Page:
The end of the stiff upper lip

Nicola Kemp on how Britain has learned to let it all out.

Andy Murray: tears won over a nation
Andy Murray: tears won over a nation

Tennis star Andy Murray may have swept away 75 years of disappointment when he trounced Novak Djokovic in the men's singles final at Wimbledon this year, yet it was his emotional defeat at the hands of Roger Federer in 2012 that turned the tide of public opinion in Murray's favour.

This shift was emphasised by the front-page headline of one tabloid: "Tearful Andy Murray loses Wimbledon but wins over a nation".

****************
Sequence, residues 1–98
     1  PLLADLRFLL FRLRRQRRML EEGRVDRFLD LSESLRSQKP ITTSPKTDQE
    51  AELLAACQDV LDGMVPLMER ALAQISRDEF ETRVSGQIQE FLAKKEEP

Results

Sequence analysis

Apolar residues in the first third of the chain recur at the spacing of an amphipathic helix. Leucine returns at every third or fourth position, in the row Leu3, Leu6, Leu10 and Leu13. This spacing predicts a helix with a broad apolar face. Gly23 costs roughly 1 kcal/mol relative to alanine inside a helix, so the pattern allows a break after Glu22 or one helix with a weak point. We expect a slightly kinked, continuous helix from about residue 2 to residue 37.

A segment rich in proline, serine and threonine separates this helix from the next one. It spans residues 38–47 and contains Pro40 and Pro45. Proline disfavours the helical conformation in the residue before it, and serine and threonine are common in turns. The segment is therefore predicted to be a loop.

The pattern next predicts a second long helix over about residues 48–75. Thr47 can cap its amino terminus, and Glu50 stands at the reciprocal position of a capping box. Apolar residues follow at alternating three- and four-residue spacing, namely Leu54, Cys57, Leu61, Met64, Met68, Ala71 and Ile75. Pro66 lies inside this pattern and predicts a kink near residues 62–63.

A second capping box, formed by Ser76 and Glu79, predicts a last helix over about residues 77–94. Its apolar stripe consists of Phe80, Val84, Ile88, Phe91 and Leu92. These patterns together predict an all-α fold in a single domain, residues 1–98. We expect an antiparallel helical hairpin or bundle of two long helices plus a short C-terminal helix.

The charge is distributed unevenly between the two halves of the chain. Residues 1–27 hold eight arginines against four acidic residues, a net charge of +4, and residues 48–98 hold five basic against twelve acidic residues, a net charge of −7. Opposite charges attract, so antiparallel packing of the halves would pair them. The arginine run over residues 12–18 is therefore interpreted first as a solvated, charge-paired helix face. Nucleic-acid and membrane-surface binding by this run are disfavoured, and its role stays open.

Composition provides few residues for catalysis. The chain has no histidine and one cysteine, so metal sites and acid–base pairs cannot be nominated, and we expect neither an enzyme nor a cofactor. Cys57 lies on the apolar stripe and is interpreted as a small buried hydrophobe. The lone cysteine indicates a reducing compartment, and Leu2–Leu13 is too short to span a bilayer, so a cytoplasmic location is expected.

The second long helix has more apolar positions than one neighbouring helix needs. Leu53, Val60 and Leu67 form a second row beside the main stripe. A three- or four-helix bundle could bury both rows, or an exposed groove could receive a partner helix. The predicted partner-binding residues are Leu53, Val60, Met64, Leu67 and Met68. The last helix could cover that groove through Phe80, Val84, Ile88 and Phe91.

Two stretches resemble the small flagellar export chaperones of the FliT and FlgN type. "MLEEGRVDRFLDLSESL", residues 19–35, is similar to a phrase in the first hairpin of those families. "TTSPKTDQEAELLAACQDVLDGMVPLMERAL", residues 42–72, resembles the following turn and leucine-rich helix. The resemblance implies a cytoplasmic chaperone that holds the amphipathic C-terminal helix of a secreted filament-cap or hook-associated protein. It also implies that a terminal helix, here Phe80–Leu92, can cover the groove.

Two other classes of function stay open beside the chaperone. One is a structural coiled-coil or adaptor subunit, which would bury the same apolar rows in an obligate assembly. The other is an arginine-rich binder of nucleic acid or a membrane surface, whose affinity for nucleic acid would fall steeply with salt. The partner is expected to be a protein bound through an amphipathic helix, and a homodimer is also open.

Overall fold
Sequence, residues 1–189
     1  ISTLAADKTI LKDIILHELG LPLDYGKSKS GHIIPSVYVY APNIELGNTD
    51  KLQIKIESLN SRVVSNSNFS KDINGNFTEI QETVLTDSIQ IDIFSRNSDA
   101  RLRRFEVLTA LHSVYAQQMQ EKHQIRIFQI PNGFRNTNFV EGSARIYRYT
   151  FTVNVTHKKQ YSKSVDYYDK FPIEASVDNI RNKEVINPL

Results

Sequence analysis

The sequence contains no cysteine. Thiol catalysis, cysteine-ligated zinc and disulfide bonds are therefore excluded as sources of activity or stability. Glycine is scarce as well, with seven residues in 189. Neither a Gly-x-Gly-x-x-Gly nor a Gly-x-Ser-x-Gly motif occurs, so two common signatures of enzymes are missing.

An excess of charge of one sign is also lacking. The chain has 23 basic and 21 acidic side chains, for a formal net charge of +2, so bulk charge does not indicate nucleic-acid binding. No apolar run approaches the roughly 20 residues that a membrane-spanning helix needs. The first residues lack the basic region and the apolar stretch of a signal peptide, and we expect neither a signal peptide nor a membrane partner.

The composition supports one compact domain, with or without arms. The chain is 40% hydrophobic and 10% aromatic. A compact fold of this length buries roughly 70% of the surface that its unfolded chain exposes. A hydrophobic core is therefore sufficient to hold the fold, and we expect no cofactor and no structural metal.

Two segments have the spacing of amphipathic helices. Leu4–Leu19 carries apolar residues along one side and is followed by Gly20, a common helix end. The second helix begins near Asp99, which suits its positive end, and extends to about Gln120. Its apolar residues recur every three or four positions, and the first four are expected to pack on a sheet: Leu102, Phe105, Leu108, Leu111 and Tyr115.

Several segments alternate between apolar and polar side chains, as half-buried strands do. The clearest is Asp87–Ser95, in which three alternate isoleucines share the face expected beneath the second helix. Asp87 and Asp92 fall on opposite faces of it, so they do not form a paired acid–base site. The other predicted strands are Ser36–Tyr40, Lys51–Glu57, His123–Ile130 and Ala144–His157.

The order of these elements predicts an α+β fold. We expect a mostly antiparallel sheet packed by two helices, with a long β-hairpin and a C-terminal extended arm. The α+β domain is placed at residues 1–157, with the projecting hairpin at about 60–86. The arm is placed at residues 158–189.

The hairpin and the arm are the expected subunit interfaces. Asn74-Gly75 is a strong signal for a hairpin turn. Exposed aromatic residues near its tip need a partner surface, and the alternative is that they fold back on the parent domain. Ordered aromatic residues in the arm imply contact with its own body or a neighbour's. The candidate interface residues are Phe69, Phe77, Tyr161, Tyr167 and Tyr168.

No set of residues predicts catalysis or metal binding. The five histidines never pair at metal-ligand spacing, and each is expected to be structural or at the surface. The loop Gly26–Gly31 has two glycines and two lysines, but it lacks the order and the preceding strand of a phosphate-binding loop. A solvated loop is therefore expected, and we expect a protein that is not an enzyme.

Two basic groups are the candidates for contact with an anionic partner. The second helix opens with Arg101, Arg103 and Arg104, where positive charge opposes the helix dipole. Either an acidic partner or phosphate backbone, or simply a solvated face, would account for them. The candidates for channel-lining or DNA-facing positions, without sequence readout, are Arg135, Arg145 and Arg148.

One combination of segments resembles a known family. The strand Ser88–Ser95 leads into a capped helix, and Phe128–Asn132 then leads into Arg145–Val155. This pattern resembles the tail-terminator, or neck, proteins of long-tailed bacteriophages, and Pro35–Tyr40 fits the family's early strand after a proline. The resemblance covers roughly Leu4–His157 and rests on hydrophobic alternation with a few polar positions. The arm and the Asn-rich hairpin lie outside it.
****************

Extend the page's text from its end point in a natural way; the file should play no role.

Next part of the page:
The response of the British public reflects a fundamental shift in cultural sensibilities.

Winning at all costs has lost its saliency and the stiff upper lip appears to be something of an anachronism.

Steve Martin, chief executive of M&C Saatchi Sport and Entertainment, says that brands are always looking for more than just pure sports performance from athletes. "Social media has moved the market toward ultimate transparency; you can't hide behind the gloss or rely on being overly manufactured. The ability to be real and engage an audience in an emotional way is crucial."

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